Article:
Cisco reveals the best defences for retailers against cybercriminals who have designs on their data.

Cyber attacks are on the rise, with a majority (72%) of executives surveyed by Retail Week witnessing an increase in the last two to three years. 

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The Internet of Things is creating ever-increasing new endpoints for hackers to attack

Although the problem is recognised at board level (eight out of 10 retail executives think information security has enough visibility), understanding is often limited.

Nearly half (46%) of retail executives believe their leadership “does not understand at all” and less than a third (30%) think they “sufficiently understand”.

Don’t be the next cyber-attack headline

To learn more about current cyber risks and information security practices, download the Retail Week report ”Tackling data breaches in modern retail”, produced in association with Cisco.

“Nearly half of retail executives believe their leadership does not understand about information security”

Jacques Schooler, retail cyber security, Cisco

So what are the best defences the retail industry can employ against the real and present danger of cybercriminals with designs on their data?

Here are our top five:

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  1. Security focus: IT must become focused on security and dedicate resource where appropriate, establishing and investing in a security operations function, mapping people and processes, and ensuring compliance is maintained. This should involve regular live-threat simulations to assess effectiveness in stopping or limiting the impact of attacks.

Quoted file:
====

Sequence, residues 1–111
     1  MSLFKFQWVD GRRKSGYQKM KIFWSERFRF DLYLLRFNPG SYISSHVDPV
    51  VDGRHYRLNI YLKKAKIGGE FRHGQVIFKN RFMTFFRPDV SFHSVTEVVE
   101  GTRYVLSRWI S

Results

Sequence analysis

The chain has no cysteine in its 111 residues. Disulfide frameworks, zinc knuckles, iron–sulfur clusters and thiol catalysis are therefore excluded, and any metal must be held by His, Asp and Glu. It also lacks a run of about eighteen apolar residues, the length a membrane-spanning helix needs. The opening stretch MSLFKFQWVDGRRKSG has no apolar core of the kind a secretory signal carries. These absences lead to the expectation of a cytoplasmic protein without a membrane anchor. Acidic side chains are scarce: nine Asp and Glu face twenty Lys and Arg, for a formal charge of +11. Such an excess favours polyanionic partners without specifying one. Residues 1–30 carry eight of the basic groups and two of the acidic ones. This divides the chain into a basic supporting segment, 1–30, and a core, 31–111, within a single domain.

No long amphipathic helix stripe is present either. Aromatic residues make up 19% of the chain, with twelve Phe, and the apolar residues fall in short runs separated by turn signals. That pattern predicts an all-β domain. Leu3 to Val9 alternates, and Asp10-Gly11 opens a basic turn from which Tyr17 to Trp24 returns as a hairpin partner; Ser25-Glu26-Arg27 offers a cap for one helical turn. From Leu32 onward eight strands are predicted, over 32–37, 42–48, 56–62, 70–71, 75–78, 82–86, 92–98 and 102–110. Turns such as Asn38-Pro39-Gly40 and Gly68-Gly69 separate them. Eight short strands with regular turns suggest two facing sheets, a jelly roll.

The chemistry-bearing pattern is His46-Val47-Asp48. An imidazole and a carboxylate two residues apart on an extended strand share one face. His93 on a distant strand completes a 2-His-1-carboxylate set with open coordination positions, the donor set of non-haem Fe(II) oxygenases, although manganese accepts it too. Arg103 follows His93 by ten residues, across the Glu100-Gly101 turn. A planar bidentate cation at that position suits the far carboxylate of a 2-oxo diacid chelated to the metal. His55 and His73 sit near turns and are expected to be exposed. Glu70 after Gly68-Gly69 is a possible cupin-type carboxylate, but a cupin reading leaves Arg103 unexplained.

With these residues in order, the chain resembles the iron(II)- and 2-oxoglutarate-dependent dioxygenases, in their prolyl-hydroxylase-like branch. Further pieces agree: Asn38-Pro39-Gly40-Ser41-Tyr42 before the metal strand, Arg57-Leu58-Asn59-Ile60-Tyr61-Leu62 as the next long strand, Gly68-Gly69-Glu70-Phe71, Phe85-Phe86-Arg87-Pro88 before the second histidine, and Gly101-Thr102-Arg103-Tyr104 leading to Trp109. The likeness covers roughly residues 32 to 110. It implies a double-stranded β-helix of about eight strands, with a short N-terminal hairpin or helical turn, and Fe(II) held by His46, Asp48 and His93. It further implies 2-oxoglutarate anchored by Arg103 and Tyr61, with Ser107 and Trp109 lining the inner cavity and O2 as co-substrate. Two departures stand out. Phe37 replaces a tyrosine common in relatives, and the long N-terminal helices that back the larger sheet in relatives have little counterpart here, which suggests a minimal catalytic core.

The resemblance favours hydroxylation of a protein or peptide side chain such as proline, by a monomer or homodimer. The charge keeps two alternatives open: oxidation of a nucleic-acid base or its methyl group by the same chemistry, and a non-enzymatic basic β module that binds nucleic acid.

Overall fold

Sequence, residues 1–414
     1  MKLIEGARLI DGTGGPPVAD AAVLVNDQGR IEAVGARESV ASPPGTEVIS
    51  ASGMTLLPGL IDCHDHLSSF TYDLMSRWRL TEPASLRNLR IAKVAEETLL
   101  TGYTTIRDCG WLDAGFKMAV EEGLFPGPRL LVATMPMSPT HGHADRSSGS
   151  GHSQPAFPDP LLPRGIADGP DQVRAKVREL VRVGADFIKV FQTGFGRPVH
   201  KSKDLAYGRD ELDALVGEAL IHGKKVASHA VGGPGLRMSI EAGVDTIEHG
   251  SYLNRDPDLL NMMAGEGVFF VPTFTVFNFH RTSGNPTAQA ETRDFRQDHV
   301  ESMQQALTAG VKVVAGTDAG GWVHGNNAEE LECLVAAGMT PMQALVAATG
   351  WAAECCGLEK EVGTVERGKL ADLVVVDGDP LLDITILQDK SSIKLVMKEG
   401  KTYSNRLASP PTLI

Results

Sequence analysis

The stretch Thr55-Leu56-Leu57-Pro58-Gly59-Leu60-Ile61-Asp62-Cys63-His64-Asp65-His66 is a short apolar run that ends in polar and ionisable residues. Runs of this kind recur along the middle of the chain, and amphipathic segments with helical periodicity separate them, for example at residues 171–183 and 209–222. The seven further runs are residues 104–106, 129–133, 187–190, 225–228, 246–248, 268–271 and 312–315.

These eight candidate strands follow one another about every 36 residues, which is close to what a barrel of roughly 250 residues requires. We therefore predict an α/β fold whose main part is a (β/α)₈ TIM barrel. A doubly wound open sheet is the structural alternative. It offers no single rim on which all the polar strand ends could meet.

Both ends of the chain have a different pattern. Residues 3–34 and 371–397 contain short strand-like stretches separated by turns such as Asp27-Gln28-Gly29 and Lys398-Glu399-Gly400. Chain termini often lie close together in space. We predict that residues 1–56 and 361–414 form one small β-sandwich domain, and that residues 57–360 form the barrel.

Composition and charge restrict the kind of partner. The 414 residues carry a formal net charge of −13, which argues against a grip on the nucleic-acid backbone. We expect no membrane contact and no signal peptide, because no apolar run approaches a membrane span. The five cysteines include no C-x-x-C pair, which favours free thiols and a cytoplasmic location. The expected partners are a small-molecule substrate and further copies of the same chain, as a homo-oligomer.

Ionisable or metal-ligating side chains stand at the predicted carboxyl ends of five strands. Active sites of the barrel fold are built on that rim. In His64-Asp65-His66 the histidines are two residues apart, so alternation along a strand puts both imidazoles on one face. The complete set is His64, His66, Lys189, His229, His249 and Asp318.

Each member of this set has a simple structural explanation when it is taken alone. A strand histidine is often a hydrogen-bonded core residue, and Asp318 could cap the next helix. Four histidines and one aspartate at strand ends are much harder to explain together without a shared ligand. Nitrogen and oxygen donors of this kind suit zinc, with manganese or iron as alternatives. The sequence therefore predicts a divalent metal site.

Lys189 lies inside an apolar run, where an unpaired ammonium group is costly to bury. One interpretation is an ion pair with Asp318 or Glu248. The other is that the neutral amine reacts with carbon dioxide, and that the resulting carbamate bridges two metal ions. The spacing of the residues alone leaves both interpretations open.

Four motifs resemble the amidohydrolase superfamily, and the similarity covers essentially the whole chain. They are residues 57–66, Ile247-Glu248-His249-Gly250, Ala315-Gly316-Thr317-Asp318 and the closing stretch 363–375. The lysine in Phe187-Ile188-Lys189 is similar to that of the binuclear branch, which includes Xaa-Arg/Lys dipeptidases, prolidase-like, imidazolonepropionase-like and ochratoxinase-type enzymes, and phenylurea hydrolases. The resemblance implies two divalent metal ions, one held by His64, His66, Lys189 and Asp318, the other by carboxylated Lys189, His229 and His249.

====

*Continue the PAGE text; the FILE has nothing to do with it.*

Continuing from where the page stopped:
2. Education: A robust education policy is needed across all staff to keep on top of the growing risks. To be effective, this must be more than a policy that employees sign as part of the on-boarding process and include engagement to keep information security front of mind.
  3. Dedicated budget: Retail executives report that information security budget is not always ring-fenced and a quarter of businesses surveyed had no allocation. Retailers must allocate sufficient budget to prevent and minimise issues as the cost of remediating them is potentially much greater.
  4. Industry standard: A reticence among retailers to share information about cyber attacks means no written industry standard currently exists. Alongside work in this area by bodies such as the British Retail Consortium, information security researchers, including Cisco’s Talos division, continuously study and report exploits and vulnerabilities, and share that information in cross-vendor forums.
  5. Innovation: The Internet of Things is creating more ways for consumers to interact with retailers, and ever-increasing new endpoints and potential weaknesses for hackers to attack. An all-round security strategy that takes advantage of industry best practice and technical developments is essential to defend yourself against such attacks. 

 

jacques schooler

Jacques Schooler, retail cyber security lead, Cisco